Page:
Adaptation becoming more critical to climate change plans, say EECO panelists
Adaptation to climate change still trails far behind mitigation in terms of both attention and resource allocation. But with North America more vulnerable to climate change impacts than often realized, this is a situation that needs to change, according to panelists participating in a session on "Adaptation: The Critical Unspoken Climate Change Phrase," at last month's Energy and Environment Conference (EECO) in Toronto.
The global average temperature is unequivocally rising, at a rate that is expected to increase between 1.8*C and 4*C by 2100. Over the next 20 years alone, an increase of 0.4*C is forecast, said Linda Mortsch, a senior researcher with Environment Canada and the Canadian lead author of the North American chapter of the Fourth Assessment Report released by the Intergovernmental Panel on Climate Change (IPCC) in February (EcoWeek February 5, 2007).
Statistics like these make adaptation more relevant than mitigation for the near term, she noted, adding that the results of mitigation efforts will be more evident by 2100. At the present time, Mortsch continued, North America's capacity to adapt to climate change is in deficit, with four key sectors most likely to sustain the greatest impacts.
The combination of climate change-induced rising sea levels and increasing development and population growth in coastal areas increases the vulnerability of these areas, Mortsch noted, observing that current adaptation efforts are uneven and readiness for increased exposure to events such as flooding is poor.
Water resource management is also being affected by climate change, as supplies become more variable. Changes in timing and amounts of streamflows will have an impact on water treatment plant operations, among other things, she said.
The energy sector has been undergoing a transition in terms of electricity demand as the peak is shifting from winter (to meet heating requirements) to summer space cooling needs. Energy supplies, notably hydropower, will be affected by changes in hydrology brought about by a warming climate. While James Bay may benefit, Motrsch said the Great Lakes and major rivers will suffer. And wind and solar resources are not yet sufficient in quantity or consistency to fill the gap, she added.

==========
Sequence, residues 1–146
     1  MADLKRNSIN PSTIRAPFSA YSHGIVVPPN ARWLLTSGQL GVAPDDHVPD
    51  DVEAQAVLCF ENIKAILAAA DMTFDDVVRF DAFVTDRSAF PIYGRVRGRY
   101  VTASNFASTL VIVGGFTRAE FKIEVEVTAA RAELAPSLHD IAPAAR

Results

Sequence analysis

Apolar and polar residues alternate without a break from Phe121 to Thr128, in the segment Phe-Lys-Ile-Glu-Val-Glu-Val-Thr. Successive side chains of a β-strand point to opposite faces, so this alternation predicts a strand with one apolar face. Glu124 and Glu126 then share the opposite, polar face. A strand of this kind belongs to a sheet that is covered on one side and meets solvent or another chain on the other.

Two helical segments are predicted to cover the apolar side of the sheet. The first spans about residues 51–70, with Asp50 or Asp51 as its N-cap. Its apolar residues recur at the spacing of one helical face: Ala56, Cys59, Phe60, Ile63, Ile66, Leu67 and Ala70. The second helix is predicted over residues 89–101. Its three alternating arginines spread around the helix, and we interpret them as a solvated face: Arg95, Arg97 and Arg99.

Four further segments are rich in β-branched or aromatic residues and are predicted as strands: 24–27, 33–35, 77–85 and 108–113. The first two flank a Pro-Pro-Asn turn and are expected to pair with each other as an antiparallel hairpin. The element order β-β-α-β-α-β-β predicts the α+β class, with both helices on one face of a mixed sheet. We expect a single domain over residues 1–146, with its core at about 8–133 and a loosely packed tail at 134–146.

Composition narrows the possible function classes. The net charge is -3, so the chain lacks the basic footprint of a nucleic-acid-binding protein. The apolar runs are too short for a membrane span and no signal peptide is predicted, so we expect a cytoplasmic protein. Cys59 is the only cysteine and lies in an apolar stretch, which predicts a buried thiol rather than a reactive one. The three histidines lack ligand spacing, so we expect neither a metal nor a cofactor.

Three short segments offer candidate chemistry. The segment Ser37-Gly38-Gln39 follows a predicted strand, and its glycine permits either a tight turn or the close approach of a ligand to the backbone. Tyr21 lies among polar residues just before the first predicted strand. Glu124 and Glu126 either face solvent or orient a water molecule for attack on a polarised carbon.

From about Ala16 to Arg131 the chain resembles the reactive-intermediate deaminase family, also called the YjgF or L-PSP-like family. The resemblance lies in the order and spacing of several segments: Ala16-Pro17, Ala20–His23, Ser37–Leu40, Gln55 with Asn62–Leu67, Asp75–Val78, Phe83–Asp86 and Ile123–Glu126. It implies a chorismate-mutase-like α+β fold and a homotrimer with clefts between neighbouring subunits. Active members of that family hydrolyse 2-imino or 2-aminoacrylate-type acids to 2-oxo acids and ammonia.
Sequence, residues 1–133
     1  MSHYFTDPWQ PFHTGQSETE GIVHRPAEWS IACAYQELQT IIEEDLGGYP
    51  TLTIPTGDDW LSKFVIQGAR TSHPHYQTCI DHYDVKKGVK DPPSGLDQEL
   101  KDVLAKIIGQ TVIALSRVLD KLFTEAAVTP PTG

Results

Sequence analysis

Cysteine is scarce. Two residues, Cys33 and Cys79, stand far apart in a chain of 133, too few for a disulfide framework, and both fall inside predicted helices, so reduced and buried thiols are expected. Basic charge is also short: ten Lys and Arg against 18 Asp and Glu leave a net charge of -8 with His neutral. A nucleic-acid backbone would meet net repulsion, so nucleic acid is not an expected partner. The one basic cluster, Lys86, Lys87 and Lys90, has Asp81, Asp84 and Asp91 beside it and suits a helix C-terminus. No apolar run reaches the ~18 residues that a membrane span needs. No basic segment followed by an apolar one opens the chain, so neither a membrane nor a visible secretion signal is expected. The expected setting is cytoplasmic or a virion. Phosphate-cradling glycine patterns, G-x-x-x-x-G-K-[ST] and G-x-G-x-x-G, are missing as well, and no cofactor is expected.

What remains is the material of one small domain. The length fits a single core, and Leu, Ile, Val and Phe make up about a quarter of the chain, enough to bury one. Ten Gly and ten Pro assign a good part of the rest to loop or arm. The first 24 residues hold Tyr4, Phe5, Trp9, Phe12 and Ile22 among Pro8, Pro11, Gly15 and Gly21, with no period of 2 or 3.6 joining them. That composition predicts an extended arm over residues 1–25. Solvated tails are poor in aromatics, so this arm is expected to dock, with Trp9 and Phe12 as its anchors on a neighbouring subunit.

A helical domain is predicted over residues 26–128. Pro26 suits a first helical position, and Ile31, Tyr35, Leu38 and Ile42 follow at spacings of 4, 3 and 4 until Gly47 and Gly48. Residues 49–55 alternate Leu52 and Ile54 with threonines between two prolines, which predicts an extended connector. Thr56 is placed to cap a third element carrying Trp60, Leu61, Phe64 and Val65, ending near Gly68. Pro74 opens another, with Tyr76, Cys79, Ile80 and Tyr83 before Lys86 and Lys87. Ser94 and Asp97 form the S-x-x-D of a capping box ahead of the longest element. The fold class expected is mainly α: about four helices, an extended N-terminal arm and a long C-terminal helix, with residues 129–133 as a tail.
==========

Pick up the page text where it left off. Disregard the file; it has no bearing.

Finally, infrastructure design needs to improve to maintain the long life and high value of North America's capital stock and avoid costly retrofits. Previous investments have been based on historical climate trends, a fact that may affect the vulnerability of various sectors to climate change impacts. The degreee to which North America remains vulnerable will depend on the timing and effectiveness of its adaptation, Mortsch said.
Consultant Armin Munevar of CH2MHill confirmed the water resources sector as one in which adaptation to climate change is critical, as water supply and quality, as well as competition for diverse uses will all be affected. Climate change also represents a major planning challenge, as the degree and nature of its impacts will be large, but uncertain.
The key, he said, is to incorporate climate change and its impacts into planning processes immediately. This can be done by assessing impacts and vulnerabilities using a series of climate change scenarios, or by assessing the thresholds or "coping bounds" of water systems. This will allow the development of strategies for managing risks, he explained.
The changing world climate has led to a dramatic increase in losses due to natural disasters such as floods, fires and storms, said Glenn McGillivray of the Institute for Catastrophic Loss Reduction. Not only are there more people and property at risk, aging infrastructure is less able to cope with such events, he explained, noting that only 2% of Gross Domestic Product is being invested in replacing or upgrading infrastructure.
Since the 1970's, he said, there has been a twentyfold increase in the number and value of losses from climatic events: some 30 occurring in 1970 had risen to approximately 150 by 2005, including hurricanes, tornadoes, hailstorms, typoons, floods, fires, etc. Insured losses increased from less than $10 billion (U.S.) in 1970 to approximately $80 billion (U.S.) by 2005. McGillivray also pointed out that business impacts from such natural events can include the loss of a company's head offices.
From an industry perspective, Cara Clairman of Ontario Power Generation noted that companies need to consider both mitigation and adaptation. As a large final emitter, she acknowledged that OPG has focused most of its attention on mitigation, but has come to realize the need for a parallel path to address adaptation.
As it works toward the provincially-mandated closure of its coal-fired generating stations by 2014, Clairman said OPG's plan is to operate these facilities as efficiently as possible while they remain open. At the same time, it will be increasing its use of biofuels to replace coal, increasing supplies of nuclear power and hydropower (pending approval) and promoting energy efficiency as greenhouse gas reduction strategies. Concurrent adaptation activities include expanding OPG's biodiversity program to target threatened lands and pursue habitat restoration.
Research is being done as well to assess climate change impacts on OPG's current and future operations, for example modelling the effects on future water supplies for existing hydropower facilities in order to project future generation supply and mix. OPG will also need to know how future Great Lakes water levels and temperatures will affect its existing infrastructure for water cooling, as rising temperatures could make cooling towers unnecessary, Clairman noted. Both mitigation and adaptation efforts need to proceed together rather than in isolation from each other, she added.